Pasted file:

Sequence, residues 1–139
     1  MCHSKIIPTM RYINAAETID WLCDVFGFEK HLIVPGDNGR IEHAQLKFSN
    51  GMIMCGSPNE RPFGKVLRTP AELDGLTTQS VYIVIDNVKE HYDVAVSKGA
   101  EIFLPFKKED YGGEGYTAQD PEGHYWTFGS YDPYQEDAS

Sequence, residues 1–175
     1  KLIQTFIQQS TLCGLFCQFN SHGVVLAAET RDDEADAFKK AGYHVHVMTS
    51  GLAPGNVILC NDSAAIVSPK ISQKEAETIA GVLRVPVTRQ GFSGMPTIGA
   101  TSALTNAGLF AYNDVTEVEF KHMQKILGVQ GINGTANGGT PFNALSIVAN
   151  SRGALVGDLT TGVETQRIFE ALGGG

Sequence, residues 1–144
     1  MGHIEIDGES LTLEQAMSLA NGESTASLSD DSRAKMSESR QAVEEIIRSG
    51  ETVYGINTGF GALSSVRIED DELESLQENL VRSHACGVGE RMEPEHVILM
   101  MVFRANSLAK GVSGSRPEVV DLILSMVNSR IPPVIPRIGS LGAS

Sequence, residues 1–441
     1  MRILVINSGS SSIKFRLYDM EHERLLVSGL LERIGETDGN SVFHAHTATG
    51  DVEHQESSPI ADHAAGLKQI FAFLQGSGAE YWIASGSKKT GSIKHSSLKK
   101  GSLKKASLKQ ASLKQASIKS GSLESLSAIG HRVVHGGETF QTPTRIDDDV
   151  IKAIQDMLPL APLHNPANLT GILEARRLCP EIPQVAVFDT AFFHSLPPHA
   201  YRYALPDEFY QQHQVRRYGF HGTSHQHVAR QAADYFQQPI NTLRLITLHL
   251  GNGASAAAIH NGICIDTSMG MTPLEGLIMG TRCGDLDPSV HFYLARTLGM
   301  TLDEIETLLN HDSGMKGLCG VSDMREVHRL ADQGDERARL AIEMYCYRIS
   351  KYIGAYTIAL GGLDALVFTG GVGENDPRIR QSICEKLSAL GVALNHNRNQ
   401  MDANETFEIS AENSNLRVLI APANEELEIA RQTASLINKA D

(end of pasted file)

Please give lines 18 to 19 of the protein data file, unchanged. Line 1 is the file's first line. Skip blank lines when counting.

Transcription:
   151  IKAIQDMLPL APLHNPANLT GILEARRLCP EIPQVAVFDT AFFHSLPPHA
   201  YRYALPDEFY QQHQVRRYGF HGTSHQHVAR QAADYFQQPI NTLRLITLHL